Radon exhalation by vegetation planted on bare or soil-covered uranium mill wastes was studied based on an assumption that radon transport from soil to atmosphere via plants takes place in the transpiration stream. Results show that radon exhalation by plants is inversely related to water transpired, primarily a dilution effect. Radon released appeared directly related to leaf area, suggesting that radon is carried into the plant by mass flow in water; however, once within the plant, radon very likely diffuses through the entire leaf cuticle, while water vapor diffuses primarily through open stomates. Application of a computerized model for water transpiration to radon exhalation is not immediately useful until the role of water in radon transport is defined throughout the continuum from rooting medium to the atmosphere. Until then, a simple calculation based on leaf area index and Ra-226 concentration in the rooting medium can provide an estimate of radon release from revegetated wastes containing radium.

  7. Engineering assessment of inactive uranium mill tailings, Tuba City site, Tuba City, Arizona

    SciTech Connect

    Not Available

    1981-09-01

    Ford, Bacon and Davis Utah Inc. has reevaluated the Tuba City site in order to revise the March 1977 engineering assessment of the problems resulting from the existence of radioactive uranium mill tailings at Tuba City, Arizona. This engineering assessment has included the preparation of topographic maps, the performance of core drillings and radiometric measurements sufficient to determine areas and volumes of tailings and radiation exposures of individuals and nearby populations, the investigations of site hydrology and meteorology, and the evaluation and costing of alternative corrective actions. Radon gas released from the 0.8 million tons of tailings at the Tuba City site constitutes the most significant environmental impact, although windblown tailings and external gamma radiation also are factors.

  8. US Geological Survey research on the environmental fate of uranium mining and milling wastes

    USGS Publications Warehouse

    Landa, E.R.; Gray, J.R.

    1995-01-01

    Studies by the US Geological Survey (USGS) of uranium mill tailings (UMT) have focused on characterizing the forms in which radionuclides are retained and identifying factors influencing the release of radionuclides to air and water. Selective extraction studies and studies of radionuclide sorption by and leaching from components of UMT showed alkaline earth sulfate and hydrous ferric oxides to be important hosts of radium-226 (226Ra) in UMT. Extrapolating from studies of barite dissolution in anerobic lake sediments, the leaching of 226Ra from UMT by sulfate-reducing bacteria was investigated; a marked increase in 226Ra release to aqueous solution as compared to sterile controls was demonstrated. A similar action of iron(III)-reducing bacteria was later shown. Ion exchangers such as clay minerals can also promote the dissolution of host-phase minerals and thereby influence the fate of radionuclides such as 226Ra. Radon release studies examined particle size and ore composition as variables. Aggregation of UMT particles was shown to mask the higher emanating fraction of finer particles. Studies of various ores and ore components showed that UMT cannot be assumed to have the same radon-release characteristics as their precursor ores, nor can 226Ra retained by various substrates be assumed to emanate the same fraction of radon. Over the last decade, USGS research directed at offsite mobility of radionuclides from uranium mining and milling processes has focused on six areas: the Midnite Mine in Washington; Ralston Creek and Reservoir, Colorado; sites near Canon City, Colorado; the Monument Valley District of Arizona and Utah; the Cameron District of Arizona; and the Puerco River basin of Arizona and New Mexico.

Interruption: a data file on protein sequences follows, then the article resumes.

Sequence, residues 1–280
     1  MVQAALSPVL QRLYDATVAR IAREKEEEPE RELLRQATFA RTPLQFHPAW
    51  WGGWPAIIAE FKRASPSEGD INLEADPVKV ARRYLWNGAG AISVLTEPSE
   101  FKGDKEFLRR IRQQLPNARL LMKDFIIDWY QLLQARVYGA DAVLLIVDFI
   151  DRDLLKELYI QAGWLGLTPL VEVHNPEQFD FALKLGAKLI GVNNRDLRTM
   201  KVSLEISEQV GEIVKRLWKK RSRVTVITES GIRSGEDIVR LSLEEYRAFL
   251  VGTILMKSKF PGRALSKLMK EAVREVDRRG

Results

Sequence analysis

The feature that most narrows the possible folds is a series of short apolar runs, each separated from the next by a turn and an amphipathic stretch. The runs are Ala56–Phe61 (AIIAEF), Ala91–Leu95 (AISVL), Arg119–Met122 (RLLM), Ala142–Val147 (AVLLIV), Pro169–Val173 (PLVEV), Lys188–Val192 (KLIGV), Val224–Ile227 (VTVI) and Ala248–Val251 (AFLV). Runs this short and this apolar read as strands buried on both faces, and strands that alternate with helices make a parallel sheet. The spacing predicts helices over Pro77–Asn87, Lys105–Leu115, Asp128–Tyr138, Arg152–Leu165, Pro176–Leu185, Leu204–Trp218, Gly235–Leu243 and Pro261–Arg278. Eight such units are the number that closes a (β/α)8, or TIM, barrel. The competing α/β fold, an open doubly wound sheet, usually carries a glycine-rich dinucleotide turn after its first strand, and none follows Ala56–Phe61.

9. Summary of the engineering assessment of inactive uranium-mill tailings: Canonsburg Site, Canonsburg, Pennsylvania

    SciTech Connect

    Not Available

    1982-04-01

    Ford, Bacon and Davis Utah Inc. has evaluated the Canonsburg site in order to assess the problems resulting from the existence of radioactive residues at Canonsburg, Pennsylvania. This engineering assessment has included the preparation of topographic maps, radiometric measurements sufficient to determine areas and volumes of tailings and radiation exposures of individuals and nearby populations, the investigations of site hydrology and meteorology, and the evaluation and costing of alternative remedial actions. Radon gas released from the approximately 300,000 tons of tailings and contaminated soil at the Canonsburg site constitutes the most significant environmental impact, although windblown tailings and external gamma radiation also are factors. The four alternative actions presented in this engineering assessment range from millsite and off-site decontamination with the addition of 3 m of stabilization cover material (Option I), to removal of the tailings and contaminated materials to a remote disposal site and decontamination of the Canonsburg site (Options II through IV). Cost estimates for the four options range from $23,244,000 for stabilization in-place, to $27,052,000 for disposal at a distance of about 17 mi. Three principal alternatives for the reprocessing of the Canonsburg tailings were examined: heap leaching; treatment at an existing mill; and reprocessing at a new conventional mill constructed for tailings reprocessing. As required by Public Law 95-604, under whose auspices this project is conducted, the US Department of Energy has solicited expressions of interest in reprocessing the tailings and residues at the Canonsburg site for uranium recovery. Since no such interest was demonstrated, no effort has been made to estimate the value of the residual uranium resource at the Canonsburg site.